The main reason for falling exports is the fact that since this government came to power in 2013, it has increased the cost of doing business. Our export industry has become less competitive in the world.
The government policy, created in collaboration with the IMF, raised indirect taxes and controlled (Asad used the word
administered) prices to improve revenues. This dented the competitiveness of Pakistan’s industry. There is also a point of view that the exchange rate has become over-valued. After two years of consecutive decline, exports in the current fiscal year have further fallen by 9.0 percent, while imports increased by 12.5 percent, widening the trade deficit
The widening trade deficit
Trade deficit contributes to the widening of the current account deficit, which more than doubled in the first quarter of the current fiscal year to $1360 million. The current account deficit is now 60 percent higher compared to the last fiscal year.
Another worrying factor is that workers’ remittances were down by five percent in the first quarter and by ten percent in September. One obvious reason is the economic slowdown in the Gulf economies due to the fall in oil prices. However, even remittances from Europe and the US have stagnated or declined. Perhaps this was inevitable after many years of strong growth. It’s a challenging situation. Either the forex reserves will decline sharply or the government will have to take more loans.
the PTI, are old fashioned in a way that we see a role of the State in running and setting up large industries and don’t believe in large scale privatisation
Investment continues to be stuck at exceptionally low levels, actually showing a decline from 15.5 to 15.2 percent in the last fiscal year. Private investment in the last year was a meager 3.3 percent which is the lowest in the last three years. Foreign direct investment in the last quarter was even worse than the low levels recorded last year and one-fifth of what Pakistan witnesssed a decade ago. Foreign portfolio investment last year was negative $437 million. There will be an uptick in the FDI related to the CPEC projects and the sale of majority shares in Engro Foods to a Dutch company. However, broadly speaking, prospects for FDI continue to remain unpromising.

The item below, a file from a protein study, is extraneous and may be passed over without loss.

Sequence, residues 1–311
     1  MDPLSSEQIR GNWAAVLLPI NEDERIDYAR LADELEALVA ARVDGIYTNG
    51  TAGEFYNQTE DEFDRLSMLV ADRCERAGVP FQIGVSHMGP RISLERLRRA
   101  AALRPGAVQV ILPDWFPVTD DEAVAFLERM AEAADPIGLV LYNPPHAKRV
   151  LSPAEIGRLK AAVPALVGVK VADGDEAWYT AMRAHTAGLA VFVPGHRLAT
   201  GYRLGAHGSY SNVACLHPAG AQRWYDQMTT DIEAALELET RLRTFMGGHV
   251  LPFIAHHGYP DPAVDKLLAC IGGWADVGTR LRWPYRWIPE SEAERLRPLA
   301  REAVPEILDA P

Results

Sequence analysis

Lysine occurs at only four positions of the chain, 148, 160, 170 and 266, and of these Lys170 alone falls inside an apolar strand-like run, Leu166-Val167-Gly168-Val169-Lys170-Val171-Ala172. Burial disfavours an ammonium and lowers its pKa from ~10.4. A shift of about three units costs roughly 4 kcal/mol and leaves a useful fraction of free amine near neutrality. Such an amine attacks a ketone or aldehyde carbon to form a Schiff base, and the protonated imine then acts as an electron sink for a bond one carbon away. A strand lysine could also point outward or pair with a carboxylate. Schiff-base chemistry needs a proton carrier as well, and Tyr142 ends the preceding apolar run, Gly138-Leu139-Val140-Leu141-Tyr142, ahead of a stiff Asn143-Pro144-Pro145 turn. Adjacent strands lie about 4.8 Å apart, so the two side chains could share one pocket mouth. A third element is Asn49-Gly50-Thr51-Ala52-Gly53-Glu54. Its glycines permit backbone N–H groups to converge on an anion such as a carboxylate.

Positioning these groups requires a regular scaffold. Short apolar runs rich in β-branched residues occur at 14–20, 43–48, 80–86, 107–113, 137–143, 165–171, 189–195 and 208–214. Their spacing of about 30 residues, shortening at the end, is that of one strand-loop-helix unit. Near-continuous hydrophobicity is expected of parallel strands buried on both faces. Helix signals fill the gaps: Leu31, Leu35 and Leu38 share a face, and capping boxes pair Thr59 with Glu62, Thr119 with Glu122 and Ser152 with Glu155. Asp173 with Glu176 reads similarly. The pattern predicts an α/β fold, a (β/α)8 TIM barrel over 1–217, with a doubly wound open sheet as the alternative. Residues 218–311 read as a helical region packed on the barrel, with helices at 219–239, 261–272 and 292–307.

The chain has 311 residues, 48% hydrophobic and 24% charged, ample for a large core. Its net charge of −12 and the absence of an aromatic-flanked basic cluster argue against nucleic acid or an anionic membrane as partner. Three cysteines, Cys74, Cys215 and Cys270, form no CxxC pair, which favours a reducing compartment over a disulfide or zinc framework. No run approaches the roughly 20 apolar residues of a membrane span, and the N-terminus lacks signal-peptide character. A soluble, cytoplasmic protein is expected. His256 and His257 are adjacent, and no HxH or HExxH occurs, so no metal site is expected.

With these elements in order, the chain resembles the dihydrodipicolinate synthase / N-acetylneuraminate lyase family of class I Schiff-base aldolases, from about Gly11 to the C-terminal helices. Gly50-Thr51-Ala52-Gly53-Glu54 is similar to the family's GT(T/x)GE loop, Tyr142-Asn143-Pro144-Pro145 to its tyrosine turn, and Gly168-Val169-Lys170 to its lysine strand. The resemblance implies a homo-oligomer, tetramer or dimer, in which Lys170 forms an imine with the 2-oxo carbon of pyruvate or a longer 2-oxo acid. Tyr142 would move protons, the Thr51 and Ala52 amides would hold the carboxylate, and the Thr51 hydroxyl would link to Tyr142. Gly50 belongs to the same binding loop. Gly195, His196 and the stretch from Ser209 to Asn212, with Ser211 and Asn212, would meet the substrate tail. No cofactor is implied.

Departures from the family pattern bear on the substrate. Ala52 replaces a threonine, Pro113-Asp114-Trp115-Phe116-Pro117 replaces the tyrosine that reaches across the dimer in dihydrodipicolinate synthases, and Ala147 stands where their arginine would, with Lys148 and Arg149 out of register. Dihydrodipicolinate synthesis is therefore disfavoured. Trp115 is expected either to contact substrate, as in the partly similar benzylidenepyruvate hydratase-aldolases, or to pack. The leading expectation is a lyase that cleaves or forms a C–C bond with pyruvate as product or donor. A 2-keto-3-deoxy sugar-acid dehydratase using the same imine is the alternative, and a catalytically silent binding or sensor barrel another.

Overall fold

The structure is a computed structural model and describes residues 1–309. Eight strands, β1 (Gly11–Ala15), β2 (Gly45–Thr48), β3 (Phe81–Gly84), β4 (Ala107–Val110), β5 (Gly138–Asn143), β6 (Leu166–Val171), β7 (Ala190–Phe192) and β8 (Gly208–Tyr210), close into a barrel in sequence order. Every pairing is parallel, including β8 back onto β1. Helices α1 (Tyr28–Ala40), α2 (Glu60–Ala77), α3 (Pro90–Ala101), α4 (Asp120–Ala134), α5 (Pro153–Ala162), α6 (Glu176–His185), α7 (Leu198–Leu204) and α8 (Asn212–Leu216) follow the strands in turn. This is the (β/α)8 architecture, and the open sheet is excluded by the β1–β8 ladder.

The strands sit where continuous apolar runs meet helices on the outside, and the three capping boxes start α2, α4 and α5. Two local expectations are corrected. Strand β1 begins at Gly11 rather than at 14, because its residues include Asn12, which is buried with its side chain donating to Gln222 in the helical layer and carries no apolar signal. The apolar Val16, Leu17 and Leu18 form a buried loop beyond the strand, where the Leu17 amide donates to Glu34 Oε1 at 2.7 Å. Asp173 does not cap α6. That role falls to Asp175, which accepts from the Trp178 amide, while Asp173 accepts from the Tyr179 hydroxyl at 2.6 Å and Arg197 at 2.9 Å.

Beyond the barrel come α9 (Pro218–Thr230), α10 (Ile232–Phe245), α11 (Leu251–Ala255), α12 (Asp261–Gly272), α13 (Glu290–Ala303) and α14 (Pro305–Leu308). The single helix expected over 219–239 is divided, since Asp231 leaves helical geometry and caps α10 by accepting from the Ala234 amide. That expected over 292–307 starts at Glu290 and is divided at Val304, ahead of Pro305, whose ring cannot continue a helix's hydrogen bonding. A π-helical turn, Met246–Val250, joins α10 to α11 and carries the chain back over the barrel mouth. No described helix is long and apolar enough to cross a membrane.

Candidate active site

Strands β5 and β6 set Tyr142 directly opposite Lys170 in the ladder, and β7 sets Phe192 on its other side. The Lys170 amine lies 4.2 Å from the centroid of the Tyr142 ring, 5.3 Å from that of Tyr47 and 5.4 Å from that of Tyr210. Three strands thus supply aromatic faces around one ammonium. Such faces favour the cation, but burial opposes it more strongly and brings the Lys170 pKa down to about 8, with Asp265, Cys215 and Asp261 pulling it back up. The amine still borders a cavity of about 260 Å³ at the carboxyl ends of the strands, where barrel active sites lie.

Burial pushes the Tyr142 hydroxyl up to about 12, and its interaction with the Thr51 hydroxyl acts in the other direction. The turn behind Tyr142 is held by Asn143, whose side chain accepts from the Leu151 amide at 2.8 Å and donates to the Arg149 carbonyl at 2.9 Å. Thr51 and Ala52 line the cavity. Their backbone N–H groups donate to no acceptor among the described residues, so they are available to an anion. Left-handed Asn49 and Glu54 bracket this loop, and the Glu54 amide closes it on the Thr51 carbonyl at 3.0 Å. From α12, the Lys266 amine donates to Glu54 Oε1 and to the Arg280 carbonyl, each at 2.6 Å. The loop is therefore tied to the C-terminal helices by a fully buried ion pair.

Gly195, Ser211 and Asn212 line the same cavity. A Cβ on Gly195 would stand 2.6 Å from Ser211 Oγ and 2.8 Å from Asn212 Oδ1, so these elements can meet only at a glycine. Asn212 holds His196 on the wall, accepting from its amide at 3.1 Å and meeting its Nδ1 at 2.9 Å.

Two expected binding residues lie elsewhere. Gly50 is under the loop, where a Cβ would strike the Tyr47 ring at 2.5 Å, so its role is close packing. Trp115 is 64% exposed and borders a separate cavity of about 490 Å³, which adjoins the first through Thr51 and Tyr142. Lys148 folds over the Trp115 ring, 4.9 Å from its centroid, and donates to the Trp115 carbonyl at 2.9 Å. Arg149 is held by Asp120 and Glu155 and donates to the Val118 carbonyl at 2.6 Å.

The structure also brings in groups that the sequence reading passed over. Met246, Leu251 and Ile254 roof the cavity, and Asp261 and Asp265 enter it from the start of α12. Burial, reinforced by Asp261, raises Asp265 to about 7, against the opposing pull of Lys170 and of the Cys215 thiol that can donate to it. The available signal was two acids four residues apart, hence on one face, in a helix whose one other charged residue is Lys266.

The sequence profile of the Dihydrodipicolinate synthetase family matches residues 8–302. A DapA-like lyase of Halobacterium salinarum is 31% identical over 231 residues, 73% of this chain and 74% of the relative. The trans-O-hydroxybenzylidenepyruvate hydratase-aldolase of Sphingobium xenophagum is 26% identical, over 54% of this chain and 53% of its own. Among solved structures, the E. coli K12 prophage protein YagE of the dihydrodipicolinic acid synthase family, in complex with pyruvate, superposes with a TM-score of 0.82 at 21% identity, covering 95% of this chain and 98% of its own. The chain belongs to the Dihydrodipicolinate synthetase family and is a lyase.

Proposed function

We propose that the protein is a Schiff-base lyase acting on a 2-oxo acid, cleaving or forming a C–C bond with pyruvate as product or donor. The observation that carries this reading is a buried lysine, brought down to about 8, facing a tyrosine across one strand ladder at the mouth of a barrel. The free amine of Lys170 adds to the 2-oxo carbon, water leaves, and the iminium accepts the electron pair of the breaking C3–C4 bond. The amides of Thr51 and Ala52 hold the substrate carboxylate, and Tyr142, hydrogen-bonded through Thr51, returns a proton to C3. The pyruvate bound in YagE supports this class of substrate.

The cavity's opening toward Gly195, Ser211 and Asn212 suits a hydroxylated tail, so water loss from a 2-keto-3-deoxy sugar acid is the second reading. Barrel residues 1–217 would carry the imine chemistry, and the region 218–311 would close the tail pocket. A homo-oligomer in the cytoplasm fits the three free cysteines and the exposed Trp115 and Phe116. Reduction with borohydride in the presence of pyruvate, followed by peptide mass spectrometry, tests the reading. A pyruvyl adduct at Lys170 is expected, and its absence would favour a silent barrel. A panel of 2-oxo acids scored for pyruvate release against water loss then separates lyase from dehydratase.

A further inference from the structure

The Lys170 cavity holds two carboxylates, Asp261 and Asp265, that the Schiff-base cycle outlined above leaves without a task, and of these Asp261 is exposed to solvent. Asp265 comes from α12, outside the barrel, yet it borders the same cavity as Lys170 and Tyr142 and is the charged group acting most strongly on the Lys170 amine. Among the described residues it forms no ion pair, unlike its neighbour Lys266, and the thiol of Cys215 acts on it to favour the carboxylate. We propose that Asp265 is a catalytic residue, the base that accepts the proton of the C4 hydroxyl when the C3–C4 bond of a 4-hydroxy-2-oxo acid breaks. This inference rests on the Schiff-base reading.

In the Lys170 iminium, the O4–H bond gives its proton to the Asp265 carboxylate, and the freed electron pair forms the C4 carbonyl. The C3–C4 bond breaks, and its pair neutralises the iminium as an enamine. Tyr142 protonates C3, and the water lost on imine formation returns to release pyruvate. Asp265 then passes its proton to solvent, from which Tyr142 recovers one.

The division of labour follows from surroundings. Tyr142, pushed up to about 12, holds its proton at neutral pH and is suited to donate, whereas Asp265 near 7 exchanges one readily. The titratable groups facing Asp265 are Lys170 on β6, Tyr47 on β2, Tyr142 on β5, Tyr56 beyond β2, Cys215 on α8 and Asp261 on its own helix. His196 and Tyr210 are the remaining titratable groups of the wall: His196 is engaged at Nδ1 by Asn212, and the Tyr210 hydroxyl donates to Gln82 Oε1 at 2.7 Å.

Private sector investment
The local private sector is not investing in Pakistan. In the last year of General Pervez Musharraf’s rule, private investment was around 22 percent of the GDP. Under Nawaz Sharif’s rule, it declined to 17 percent of the GDP in the last fiscal year. Economic growth is not picking up mainly due to lack of investment.
Large scale manufacturing output has recorded a growth of only 3.2 percent, which is the lowest in the last four years. The growth in this sector has slowed down to less than 2 percent in the first quarter of this year. The regressive taxation policy of this government and its inability to solve the energy crises has choked the economy and manufacturing in particular. The near term future for manufacturing, except some construction related sectors, does not look very bright.
During the first three and a half years of Nawaz Sharif’s rule, not even one unit has been privatised; the $1.1 billion privatisation proceeds were raised mainly from the capital market by off-loading shares of already privatised companies. This poor performance is stunning because privatisation was an integral part of the PML-N’s manifesto. We, the PTI, are old fashioned in a way that we see a role of the State in running and setting up large industries and don’t believe in large scale privatisation.
The shrinking agriculture sector
Two-thirds of Pakistan’s economy depends upon agriculture, but in the last fiscal year, this sector recorded a negative growth of 0.2 percent. The fundamentals of agriculture have been eroded by years of neglect. Agri-research has almost come to a standstill. Work on the efficient use of water has stalled and distribution channel linkages remain neglected. The post-harvest storage facilities are also in as poor a condition as ever. Just by playing accounting gimmicks and putting together a largely false package we will not be able to help the farmers or improve agriculture.
Mounting public debt
There has been an alarming increase in public debt from 63.2 percent to 66.5 percent of the GDP in just one fiscal year that ended on June 30, 2016. It should be noted that according to the Fiscal Responsibility and Debt Limitation Act, Pakistan’s public debt-to-GDP ratio should be no more than 60 percent.